Preparing for Hurricane Season: How to Protect a Home

Florida is usually a target for storms, forcing thousands of individuals to evacuate with many fleeing to shelters. 

Atlantic hurricane season begins June 1 and frequently peaks from late August through September.

“A storm that appears benign and doesn’t trigger an early evacuation makes a sudden turn, increases speed or intensifies significantly, and we are left with no time to get off the rock. The Labor Day storm of 1935 and more recently, Hurricane Michael, are prime examples, says  Monroe County Mayor Heather Carruthers”.

We need to be prepared. For those who stay home, it is valuable to know the impact of high winds and the best way to protect our homes and private property from wind damage. There are many ways to bolster a home against wind damage — while some preparation may require professional assistance some are simple enough to DIY.

Protecting a home starts with inspecting weak points and areas subject to damage like roofs, windows, doors and garage doors. Inspect siding more frequently and take care of our trees, trimming them when needed and removing them as necessary. Make sure your home is safe and have plans in place for severe weather events.

DOORS provide the first line of defense from high winds and blowing debris. While wind-resistant doors and break-resistant glass play a major role in fighting winds, interior doors are also important. In hurricane-force winds or when a tornado could also be imminent, all doors and windows should be closed. This will prevent pressure buildup within a home. Closing interior doors will help to compartmentalize damage from wind or rain should there be a breach within the exterior of a home.

WINDOWS are also the most vulnerable parts of the house. One option for stronger window protection is reinforcement with framing materials, including wood, aluminum, and vinyl. The second option is to upgrade windows to high impact glass.

ROOF inspections should be conducted at least once a year. While many roof issues may be spotted with the naked eye, a closer look may reveal previously undetected problems. Check for tree limbs, gutter system and backed up water. Particular attention should be paid to the perimeters of a roof where weakened material is often more easily lifted by high winds.

GARAGE DOORS are usually the largest moving parts of a home and create some unique challenges in hurricane-force wind situations. Start with a visual inspection of the roller tracks and panels. There should be minimal “wiggle-room” and light coming inside when the door is closed.

If a replacement is needed, consider an impact resistant hurricane-ready garage door that includes heavier hardware and more durable wheel and track systems.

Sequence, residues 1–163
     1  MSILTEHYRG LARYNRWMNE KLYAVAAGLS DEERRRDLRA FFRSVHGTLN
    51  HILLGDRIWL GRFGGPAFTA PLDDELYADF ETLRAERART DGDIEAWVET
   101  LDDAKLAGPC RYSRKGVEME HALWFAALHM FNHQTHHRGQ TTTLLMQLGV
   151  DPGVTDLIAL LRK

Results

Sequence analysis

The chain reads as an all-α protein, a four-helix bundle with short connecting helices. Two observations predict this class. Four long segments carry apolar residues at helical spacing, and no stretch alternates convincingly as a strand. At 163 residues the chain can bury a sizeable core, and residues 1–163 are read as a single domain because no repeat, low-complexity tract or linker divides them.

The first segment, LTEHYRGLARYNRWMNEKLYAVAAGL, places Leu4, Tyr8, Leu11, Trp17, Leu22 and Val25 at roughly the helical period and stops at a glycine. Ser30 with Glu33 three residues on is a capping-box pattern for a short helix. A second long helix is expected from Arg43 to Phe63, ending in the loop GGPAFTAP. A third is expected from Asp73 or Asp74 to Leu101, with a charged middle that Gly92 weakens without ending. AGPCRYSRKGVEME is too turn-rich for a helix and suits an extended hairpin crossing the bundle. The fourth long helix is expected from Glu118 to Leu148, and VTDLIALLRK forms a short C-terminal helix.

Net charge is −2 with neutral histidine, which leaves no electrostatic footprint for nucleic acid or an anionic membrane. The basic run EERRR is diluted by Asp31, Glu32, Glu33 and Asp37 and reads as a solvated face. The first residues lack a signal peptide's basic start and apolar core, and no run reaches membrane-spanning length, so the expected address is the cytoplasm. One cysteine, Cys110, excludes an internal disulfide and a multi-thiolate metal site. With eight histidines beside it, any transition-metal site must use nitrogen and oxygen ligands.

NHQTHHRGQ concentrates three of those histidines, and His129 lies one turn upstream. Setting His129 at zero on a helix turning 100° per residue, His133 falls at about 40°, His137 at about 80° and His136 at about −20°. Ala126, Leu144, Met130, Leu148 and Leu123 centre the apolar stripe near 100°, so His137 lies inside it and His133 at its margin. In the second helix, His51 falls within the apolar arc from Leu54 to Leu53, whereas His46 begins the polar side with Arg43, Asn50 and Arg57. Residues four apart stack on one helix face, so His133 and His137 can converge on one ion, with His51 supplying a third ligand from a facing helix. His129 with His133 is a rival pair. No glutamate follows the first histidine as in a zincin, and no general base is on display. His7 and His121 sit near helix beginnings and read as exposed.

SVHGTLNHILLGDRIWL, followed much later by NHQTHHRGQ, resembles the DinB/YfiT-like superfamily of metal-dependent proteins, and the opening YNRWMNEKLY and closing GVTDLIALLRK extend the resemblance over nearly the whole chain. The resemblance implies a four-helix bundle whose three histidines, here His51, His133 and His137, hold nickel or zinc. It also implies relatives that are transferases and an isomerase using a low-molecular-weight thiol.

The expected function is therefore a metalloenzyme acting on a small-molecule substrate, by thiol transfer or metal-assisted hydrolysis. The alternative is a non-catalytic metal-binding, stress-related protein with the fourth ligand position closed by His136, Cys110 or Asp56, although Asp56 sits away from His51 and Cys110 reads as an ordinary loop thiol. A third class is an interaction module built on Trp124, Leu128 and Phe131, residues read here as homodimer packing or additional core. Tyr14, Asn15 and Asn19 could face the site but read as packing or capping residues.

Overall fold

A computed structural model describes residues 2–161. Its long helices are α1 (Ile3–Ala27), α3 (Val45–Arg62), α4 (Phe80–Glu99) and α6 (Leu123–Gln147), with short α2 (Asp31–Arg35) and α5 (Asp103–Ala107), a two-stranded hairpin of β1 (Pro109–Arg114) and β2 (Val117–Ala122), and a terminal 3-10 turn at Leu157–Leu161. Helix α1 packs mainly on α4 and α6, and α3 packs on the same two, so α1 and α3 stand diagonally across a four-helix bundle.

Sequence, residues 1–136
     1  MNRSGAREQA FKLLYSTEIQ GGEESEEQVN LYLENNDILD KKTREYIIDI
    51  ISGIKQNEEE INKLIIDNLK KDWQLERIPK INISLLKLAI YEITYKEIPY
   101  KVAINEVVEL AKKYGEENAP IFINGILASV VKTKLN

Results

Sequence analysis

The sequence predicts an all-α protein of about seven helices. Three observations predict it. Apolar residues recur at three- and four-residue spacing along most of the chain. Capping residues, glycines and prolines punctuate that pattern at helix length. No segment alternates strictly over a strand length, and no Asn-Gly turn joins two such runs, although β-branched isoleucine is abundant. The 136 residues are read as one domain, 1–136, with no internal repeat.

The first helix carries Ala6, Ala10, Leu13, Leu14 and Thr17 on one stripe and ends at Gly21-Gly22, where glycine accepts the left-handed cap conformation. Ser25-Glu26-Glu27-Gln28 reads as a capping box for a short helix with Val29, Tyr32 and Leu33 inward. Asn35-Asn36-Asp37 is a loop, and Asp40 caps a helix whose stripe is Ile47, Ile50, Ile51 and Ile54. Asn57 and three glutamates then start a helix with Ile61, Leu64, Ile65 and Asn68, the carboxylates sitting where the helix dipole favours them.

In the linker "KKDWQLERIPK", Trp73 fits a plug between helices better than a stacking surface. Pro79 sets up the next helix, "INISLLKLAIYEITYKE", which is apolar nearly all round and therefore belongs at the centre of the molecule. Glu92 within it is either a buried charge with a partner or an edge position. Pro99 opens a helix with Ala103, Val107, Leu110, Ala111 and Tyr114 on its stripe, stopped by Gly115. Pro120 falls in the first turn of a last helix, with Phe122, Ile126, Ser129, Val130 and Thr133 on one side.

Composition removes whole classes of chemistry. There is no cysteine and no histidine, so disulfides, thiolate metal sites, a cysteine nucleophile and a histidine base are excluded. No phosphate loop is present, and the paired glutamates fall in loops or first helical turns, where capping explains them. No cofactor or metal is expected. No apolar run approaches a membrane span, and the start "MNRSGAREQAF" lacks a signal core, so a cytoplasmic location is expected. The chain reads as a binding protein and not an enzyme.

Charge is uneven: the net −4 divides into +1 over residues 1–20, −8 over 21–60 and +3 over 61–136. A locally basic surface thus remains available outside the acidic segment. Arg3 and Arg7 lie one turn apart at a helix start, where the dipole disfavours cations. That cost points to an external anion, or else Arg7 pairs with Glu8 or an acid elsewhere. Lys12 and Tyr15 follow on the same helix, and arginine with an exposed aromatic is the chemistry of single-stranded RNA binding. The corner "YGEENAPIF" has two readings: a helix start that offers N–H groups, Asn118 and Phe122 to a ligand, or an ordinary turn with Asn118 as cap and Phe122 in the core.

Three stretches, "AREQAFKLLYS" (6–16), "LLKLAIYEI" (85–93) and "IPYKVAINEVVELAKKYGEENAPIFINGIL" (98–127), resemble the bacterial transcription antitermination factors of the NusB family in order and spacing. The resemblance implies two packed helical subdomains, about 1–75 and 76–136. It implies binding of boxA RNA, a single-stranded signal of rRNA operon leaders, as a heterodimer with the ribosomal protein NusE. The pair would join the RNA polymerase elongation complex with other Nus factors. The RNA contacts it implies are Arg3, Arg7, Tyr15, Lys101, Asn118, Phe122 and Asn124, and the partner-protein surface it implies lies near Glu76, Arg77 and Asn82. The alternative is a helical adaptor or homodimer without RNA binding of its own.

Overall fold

HOME SIDING/EXTERIOR Over the course of many years, siding is heated and cooled, potentially creating gaps or cracks and possibly even pulling away from the foundation. Wood siding can be compromised by moisture or insects. Older vinyl siding can bow and crack. If necessary, there are ways to fill these gaps with caulk and spray foam insulation. If the damage is critical, replacement of some of the siding is also prudent.

LANDSCAPING properly will help avoid creating projectiles from trees and limbs. Removing  yard furniture, toys and outdoor tools are also very important. Larger items, like a backyard trampoline or a play house, should be disassembled and stored.


Residents who are also impacted by a hurricane generally have many days to get ready. As part of the plan, preparations should be made to secure your property, notify family and friends of your intentions, and secure gasoline, cash, and needed food. If you’re not within the immediate impact area for the most damaging winds, you will likely prefer to stay home and “ride out” the storm. But when must you commit to evacuate?

In sum, if you’re told you must leave your home during a mandatory evacuation zone, you must leave. For this reason, you must become acquainted with planned evacuation routes for your area and depart within the required time period before the storm makes landfall in your area. 

In these circumstances, you can rest assured with the knowledge that you are leaving behind a property that is adequately prepared and protected. Shutters or plywood have been installed over windows and doors, loose items in your yard have been secured, and all pets are taken care of and in a safe environment. 

Perhaps the most significant action to take now is to let loved ones know of your plans and destination. Being prepared makes life a bit less stressful. 

Source: The Robert Dekanski Team 

For more information, please visit the Key West Historic Seaport website or City of Key West’s website

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